- 01-14-2013, 03:45 AM #1
After few weeks of using the phone, yesterday I tried to use NFC to send photos to Galaxy SIII, and the phone asked to enable Bluetooth? If need to enable Bluetooth first, what's the point of using NFC to transfer photos? And yesterday it failed, the Galaxy SIII can only detect but nothing happened. Haven't tried it on other Lumia 920 yet.
So, I sent the photos using Bluetooth to the SIII and it worked. Very quickly and convenient.
- 01-14-2013, 04:07 AM #3
As I understand it S3 uses wifi direct after its made a NFC connection and L920 uses Bluetooth after NFC e.g the NFC just helps pair the two phones to send the data over another technology as NFC transfers are quite slow. It is abit annoying you cant send from wp8 to droid via nfc as they use different tech but maybe one day they will support each others systems
- 01-14-2013, 09:30 AM #6
Gonna try it on other Lumia 920 to see whether it works just like the advertisement.
When the rooms are empty or not crowded, it's actually easier to send using Bluetooth. Beside, it can find the SIII and connected to it using Bluetooth pretty fast.
- 01-14-2013, 10:21 AM #7
01-14-2013, 12:49 PM #8
- 9 Posts
Hope Nokia will improve the NFC tap and send function on WP8, so it'll be just really tap and send to share file(s).
- 01-15-2013, 06:11 AM #11
I wonder if the payment method using NFC, is it using Wifi Direct or Bluetooth. Or perhaps, the counter will ask. "How would like to pay your bill, Sir/Ma'am? By Bluetooth or Wifi Direct."
In current method, it's not Tap+Send, but Tap+Tap+Tap+Tap+Send.
01-15-2013, 06:50 AM #12
- 109 Posts
NFC on that horrid excuse of an operating system Android reminds me of this article - gaining control of Android phones or activating any terrifying malware while they are still in the user's pocket.
eScan: discovered a new vulnerability Android – attack via NFC
Researchers at the company MWR Labs demonstrated at the conference EUSecWest, held September 19-20 in Amsterdam, a new exploit the mobile platform Android.
Hacker attack was made with the use of “near-field communication” (NFC).
Through NFC-connection specialists MWR Labs managed to pass between the two smartphone Samsung Galaxy S III malicious file, which is a zero-day exploit. Self-triggering the exploit allowed complete control of the receiver. Attacker could execute arbitrary code and gained access to the SMS-messages, pictures, contact lists and other information stored on your phone.
NFC – technology of contactless data exchange with a small (2-10 cm) radius of action – is becoming an increasingly popular method of payments, easily turning the phone into a credit card or electronic purse. To make a payment via NFC only need to bring the phone to the reader in the turnstile, or just stand in the poster on the wall.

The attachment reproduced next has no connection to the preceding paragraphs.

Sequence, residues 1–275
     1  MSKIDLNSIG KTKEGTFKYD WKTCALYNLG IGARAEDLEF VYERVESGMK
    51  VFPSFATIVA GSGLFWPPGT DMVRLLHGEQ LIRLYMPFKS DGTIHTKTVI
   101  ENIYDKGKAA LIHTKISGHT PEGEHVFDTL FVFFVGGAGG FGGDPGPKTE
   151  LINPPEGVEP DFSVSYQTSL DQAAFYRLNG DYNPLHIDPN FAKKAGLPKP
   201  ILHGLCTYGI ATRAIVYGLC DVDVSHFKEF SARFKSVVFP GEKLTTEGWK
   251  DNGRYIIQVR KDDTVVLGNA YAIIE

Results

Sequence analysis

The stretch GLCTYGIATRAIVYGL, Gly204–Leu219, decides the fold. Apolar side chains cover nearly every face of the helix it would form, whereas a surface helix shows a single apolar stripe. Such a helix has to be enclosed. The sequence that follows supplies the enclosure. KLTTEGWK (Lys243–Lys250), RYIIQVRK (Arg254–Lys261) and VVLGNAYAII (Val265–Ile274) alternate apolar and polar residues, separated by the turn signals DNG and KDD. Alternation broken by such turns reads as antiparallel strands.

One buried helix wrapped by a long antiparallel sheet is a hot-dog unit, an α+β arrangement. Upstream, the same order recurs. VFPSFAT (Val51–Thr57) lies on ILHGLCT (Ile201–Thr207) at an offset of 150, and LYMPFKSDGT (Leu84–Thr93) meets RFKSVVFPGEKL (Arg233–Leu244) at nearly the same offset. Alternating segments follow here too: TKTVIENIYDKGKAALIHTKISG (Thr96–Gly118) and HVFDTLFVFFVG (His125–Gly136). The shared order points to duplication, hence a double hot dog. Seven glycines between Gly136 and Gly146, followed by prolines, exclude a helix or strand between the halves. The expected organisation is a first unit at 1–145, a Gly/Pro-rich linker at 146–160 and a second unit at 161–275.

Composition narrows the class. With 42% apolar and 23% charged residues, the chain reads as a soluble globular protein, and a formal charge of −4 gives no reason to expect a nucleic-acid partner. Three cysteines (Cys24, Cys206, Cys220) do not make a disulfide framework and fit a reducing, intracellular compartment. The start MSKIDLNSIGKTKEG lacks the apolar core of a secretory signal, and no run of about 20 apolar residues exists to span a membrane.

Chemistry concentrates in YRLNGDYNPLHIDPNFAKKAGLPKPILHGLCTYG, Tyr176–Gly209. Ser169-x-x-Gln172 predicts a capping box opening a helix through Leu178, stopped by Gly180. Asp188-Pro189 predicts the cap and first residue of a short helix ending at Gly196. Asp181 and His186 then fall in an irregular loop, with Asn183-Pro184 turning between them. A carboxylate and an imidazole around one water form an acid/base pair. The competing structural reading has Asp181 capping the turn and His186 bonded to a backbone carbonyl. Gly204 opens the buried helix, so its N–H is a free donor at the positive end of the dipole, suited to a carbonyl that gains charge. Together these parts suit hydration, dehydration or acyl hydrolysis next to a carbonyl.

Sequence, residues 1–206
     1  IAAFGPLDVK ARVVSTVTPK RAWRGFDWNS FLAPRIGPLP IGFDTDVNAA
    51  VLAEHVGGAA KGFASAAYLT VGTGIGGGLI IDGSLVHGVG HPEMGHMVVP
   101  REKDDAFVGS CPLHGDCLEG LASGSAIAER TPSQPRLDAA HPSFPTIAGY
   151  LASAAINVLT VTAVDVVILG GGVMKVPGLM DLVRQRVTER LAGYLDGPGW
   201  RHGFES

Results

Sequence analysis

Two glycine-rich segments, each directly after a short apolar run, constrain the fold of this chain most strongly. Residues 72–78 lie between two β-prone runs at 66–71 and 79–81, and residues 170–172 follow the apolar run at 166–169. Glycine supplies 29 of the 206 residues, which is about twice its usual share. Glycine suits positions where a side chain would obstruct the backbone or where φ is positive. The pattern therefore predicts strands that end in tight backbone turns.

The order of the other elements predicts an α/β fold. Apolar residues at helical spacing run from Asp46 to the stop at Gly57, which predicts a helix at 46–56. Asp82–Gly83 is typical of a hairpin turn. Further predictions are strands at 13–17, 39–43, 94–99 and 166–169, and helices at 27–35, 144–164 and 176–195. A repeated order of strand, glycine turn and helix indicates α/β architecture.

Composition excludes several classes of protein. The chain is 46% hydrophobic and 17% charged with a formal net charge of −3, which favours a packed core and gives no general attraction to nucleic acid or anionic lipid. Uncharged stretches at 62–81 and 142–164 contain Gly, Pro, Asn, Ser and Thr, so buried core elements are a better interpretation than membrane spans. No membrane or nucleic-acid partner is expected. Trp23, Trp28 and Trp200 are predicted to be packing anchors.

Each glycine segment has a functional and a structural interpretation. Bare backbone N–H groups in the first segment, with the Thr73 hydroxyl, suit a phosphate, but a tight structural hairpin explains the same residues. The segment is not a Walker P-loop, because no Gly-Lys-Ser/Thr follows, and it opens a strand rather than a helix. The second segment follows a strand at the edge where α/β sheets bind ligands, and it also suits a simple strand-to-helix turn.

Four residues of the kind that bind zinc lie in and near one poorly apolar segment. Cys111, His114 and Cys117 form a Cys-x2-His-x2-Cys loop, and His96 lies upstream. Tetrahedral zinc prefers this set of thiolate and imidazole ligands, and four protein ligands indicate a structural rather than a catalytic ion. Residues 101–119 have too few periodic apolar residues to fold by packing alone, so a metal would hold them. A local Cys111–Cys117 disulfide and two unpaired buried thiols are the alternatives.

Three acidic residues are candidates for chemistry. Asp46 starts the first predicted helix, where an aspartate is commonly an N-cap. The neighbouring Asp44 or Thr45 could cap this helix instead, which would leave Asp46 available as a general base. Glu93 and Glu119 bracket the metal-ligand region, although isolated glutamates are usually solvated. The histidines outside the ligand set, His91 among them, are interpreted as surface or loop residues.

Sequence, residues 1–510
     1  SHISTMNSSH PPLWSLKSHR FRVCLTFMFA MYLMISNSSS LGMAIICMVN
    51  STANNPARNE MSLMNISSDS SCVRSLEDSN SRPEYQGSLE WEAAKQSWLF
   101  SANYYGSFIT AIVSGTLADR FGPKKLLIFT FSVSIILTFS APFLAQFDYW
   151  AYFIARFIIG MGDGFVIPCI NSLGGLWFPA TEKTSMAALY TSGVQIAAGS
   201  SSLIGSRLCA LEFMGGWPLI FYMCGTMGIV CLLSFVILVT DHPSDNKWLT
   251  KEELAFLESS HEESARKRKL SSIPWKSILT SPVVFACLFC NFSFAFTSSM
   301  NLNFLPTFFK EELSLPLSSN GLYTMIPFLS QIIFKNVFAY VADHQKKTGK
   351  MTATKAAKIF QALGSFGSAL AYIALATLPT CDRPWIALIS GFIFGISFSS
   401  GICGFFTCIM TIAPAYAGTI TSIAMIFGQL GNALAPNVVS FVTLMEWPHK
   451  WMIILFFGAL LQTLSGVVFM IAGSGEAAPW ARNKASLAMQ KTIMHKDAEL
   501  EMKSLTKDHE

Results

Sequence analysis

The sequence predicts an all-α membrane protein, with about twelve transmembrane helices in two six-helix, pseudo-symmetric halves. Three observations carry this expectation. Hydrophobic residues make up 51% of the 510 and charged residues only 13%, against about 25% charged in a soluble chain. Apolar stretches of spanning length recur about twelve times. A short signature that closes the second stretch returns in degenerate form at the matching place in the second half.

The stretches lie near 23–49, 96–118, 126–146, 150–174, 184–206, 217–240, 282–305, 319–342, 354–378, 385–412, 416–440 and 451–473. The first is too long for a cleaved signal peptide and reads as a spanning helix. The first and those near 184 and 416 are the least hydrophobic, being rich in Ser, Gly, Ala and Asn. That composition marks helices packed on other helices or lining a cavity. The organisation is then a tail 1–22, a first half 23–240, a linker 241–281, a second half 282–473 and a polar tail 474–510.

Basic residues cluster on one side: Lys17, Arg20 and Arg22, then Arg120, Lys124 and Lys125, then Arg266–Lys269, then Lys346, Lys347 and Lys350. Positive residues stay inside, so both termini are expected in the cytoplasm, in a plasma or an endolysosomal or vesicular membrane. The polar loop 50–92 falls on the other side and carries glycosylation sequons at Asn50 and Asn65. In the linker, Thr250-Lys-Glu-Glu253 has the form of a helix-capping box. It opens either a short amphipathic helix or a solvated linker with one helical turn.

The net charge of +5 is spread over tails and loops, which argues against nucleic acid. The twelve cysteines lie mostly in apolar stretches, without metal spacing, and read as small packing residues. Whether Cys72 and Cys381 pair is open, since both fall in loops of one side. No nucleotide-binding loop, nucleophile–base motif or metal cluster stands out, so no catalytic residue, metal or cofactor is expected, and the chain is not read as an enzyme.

Unfortunately, the rapid spread of NFC has meant that mobile phones have acquired a number of vulnerabilities inherent in the new technology.
“Developers NFC made some mistakes, which are now willing to use the attackers – comment eScan experts in Russia and the CIS. – For example, cybercriminals can create incorrect NFC-message reads disable their phone via NFC transmit malicious links and files, as well as substitute NFC-tags to false, which leads to illegal debited from the accounts of users. “
To prevent attacks similar to those demonstrated MWR Labs, it is necessary that the resulting file is transmitted via NFC applications on the phone only after additional Confirmation user. Perhaps in the future of mobile phones manufacturers implement the option of the acknowledgment and will include it in your phone’s settings by default. The same option is required the user to clearly see the link received via NFC, and confirms traversed. In addition, experts recommend that users eScan NFC-devices to make payments only through trusted labels.
- 01-15-2013, 07:26 AM #13
Windows Phone 8 support both Bluetooth and WiFi tor tap+send feature although the wifi part is not wi-fi direct (Android only feature) and requires two phones connected to the same wifi network. But wifi does work and transfers files much faster than Bluetooth.
- 01-15-2013, 08:37 AM #15
Let's say on average, the picture taken using the camera will have around 2.5 MB of size.
The supported NFC speeds, 424 kbit/s (theoretical), so in real life, let's say we take 1/3 of it, so = 141.33 kbit/s
Time taken = (2.5 MB*1024 kB*8 bits) / 141.33 kbit/s
= 144.9 seconds
= 2.4 minutes.
- 01-15-2013, 09:19 AM #17
NFC is a set of defined message types. So to send a large files, you will need to encode and embed the files into a message body. So, it does not come out as simple as you suggested. It's more like try to send a picture through SMS without using the MMS (and use cellular data) feature. Doable but not what anyone wanted and it is not standardized either.
- 01-15-2013, 09:44 AM #18
01-15-2013, 10:10 AM #19
- 424 Posts
From reading this, I think you're missing the point. The files do transfer via Bluetooth, but use NFC to pair the phones to enable Bluetooth transfer. Take NFC out of the equation and you have to the pairing process manually, which is more time consuming even in the most convenient circumstances.
NFC tap, phones paired, transfer via Bluetooth
Set phones to discover other devices by Bluetooth on both phones, wait for discovery, ask for the Bluetooth password for both phones, enter password, wait for connection, transfer via Bluetooth.
- 01-15-2013, 10:33 AM #20
I did between an L920 and 8x and it works alas not as smooth as the commercial suggests. It takes quite a few seconds through BlueTooth. A little bit faster on WiFi. But definitely not as fast as you would thought. Try those Samsung GS3 commercials. Tap the phone to transfer a video while a taxi is driving away. That's pure fanctasy land.
- 01-16-2013, 08:55 AM #21
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